The Law and Temple Window

Bellshill Central Parish Church is extremely fortunate to have many beautiful stained glass windows.

The corner windows were gifted in memory of the Blackie Family, benefactors of the Church for many years and were dedicated on 14 October 1973. These were designed by the renowned Gordon Webster with the leadwork being undertaken by Neil Hutchison.

The pictures displayed in the windows help you focus on the stories which lie behind and which, in fact, tell the whole story of the Bible. You are welcome to visit the Church, look at the windows and then read in one of the Pew Bibles the whole story depicted in each window.


The Giving of the Law/The Building of the Temple

This window is the first window on the West Side of the Church as you enter from the Main Vestibule.

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This window is split vertically into two separate storiesOn the left, Moses can be seen carrying The Ten Commandments with, perhaps, Aaron and Joshua beside him.  In the background, Mount Sinai is dazzling with the Lord’s presence.  According to a section at the back of the Pew Bible, this happened between 1700 BC and 1250 BC.  Moses had led the Israelites out of slavery in Egypt and, at Mount Sinai; God gave Moses the Law and made a covenant with the people – an agreement of special relationship between the Israelites and God.

  1. Worship no god but me.
  2. Do not make for yourselves images of anything in heaven or on earth or in the water under the earth.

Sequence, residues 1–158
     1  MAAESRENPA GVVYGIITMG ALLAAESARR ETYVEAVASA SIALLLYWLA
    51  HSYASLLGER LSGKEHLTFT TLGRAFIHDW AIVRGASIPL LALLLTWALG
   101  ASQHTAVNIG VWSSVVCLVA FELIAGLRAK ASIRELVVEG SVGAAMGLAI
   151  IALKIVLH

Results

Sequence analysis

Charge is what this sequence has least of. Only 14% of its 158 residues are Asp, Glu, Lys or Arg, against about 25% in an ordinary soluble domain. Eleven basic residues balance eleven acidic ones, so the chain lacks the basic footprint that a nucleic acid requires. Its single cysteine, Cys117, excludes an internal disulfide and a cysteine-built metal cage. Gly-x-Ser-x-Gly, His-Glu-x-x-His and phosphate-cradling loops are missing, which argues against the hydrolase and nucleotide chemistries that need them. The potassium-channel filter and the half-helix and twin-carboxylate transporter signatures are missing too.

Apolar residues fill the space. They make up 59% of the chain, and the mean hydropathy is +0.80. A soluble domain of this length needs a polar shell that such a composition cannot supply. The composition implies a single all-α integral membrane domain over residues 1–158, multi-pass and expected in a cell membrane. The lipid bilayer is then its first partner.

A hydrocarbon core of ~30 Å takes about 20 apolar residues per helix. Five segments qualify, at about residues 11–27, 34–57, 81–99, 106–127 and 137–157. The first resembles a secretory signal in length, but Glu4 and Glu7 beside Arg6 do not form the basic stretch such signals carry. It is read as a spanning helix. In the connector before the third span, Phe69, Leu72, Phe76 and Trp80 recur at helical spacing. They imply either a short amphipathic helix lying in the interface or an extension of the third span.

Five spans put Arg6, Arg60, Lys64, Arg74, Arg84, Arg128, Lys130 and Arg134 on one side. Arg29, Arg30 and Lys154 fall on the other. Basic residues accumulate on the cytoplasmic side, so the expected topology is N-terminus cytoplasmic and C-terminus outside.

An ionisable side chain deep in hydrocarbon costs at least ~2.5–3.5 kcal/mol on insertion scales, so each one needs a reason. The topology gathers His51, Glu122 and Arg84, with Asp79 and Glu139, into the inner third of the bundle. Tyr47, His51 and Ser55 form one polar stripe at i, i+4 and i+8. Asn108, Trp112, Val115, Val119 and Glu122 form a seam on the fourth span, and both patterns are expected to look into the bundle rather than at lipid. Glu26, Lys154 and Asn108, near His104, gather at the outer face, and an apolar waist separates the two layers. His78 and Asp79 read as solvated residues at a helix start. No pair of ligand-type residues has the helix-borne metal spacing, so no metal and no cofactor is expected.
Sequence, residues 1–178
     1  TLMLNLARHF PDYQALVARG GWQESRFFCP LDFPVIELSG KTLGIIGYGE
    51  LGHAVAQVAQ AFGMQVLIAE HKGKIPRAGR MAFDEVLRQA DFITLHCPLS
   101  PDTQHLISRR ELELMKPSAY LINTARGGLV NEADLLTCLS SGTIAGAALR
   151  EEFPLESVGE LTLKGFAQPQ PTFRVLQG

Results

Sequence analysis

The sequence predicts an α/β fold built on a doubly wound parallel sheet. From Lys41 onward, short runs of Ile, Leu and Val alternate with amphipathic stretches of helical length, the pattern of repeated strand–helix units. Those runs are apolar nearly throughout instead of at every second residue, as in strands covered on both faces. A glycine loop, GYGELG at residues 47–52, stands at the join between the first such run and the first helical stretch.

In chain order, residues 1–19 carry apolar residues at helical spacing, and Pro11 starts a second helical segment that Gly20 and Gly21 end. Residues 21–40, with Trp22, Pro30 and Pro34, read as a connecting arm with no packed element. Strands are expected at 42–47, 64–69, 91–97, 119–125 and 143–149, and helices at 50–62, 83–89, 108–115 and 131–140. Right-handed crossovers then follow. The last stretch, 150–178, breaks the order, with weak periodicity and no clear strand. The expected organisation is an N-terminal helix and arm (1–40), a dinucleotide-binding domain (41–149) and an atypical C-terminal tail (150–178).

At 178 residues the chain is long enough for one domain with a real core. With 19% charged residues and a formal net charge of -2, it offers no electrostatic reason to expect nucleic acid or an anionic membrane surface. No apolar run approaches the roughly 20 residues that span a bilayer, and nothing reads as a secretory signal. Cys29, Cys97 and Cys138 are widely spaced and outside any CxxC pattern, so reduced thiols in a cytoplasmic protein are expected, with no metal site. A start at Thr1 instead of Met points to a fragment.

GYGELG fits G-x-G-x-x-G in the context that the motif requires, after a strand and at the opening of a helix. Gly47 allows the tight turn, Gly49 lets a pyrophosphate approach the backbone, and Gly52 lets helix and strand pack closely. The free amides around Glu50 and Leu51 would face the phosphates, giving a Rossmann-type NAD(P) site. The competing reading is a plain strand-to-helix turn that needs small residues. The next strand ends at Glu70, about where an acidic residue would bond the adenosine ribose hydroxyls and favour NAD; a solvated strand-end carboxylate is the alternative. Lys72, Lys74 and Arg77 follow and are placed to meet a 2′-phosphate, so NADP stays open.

3. Do not use my name for evil purposes
  4. Observe the Sabbath and keep it holy.
  5. Respect your father and your mother
  6. Do not commit murder.
  7. Do not commit adultery.
  8. Do not steal.
  9. Do not accuse anyone falsely.
  10. Do not desire another man’s house; do not desire his wife, his slaves, his cattle, his donkeys, or anything else that he owns.

The whole story can be read in the Book of Exodus, starting at page 56 of the Pew Bible.

img_20181118_23033568808158643922605.jpgThe right hand side of the window tells about ‘The Building of the Temple’ and King Solomon can be seen with the plans in his hand and one of the workers with a piece of wood in his hand.  To put a date on this event; Solomon ruled between 970 BC and 931 BC and in 1 Kings 6 (page 336 of the Pew Bible), it states that Solomon began building the Temple 480 years after the people of Israel left Egypt and it took 7 years to build.

The story can be found in The First Book of Kings and the First and Second Books of Chronicles, starting at page 329 of the Pew Bible.  King David had wanted to build a temple as a permanent home for the Covenant Box which held the Ten Commandments but God would not allow it because David had spilled too much blood as a soldier.  However, David had drawn up the plans for the whole building, down to the last detail, all as instructed by God and he passed all this on to his son Solomon.  David had also bought the land and organised a lot of the materials.

It can be can read that David gave 100 tonnes of gold and 240 tonnes of silver for decorating the walls.  Other leaders and officials gave 170 tonnes of gold, 340 tonnes of silver, 620 tonnes of bronze, 3400 tonnes of iron.  There were also precious stones donated.  When Solomon started the building, he had 70,000 men transporting materials and 80,000 quarrying stone with 3,600 acting as supervisors.  The wood came from Lebanon; cedar, cypress and juniper.  It was tied into rafts and floated by sea to Joppa and then taken to Jerusalem and Mount Moriah.  There is also a lot of description of the inside of the building.  With all the gold and silver, it must have been really grand but, in 2 Chronicles 2, Solomon says:

‘I intend to build a great temple, because our God is greater than any other god.  Yet no one can really build a temple for God, because even all the vastness of heaven cannot contain him.  How then can I build a temple that would be anything more than a place to burn incense to God?’

When all the work was done, Solomon arranged for the Covenant Box, containing the tablets that Moses had received from God on Mount Sinai, to be brought to the Temple.

 


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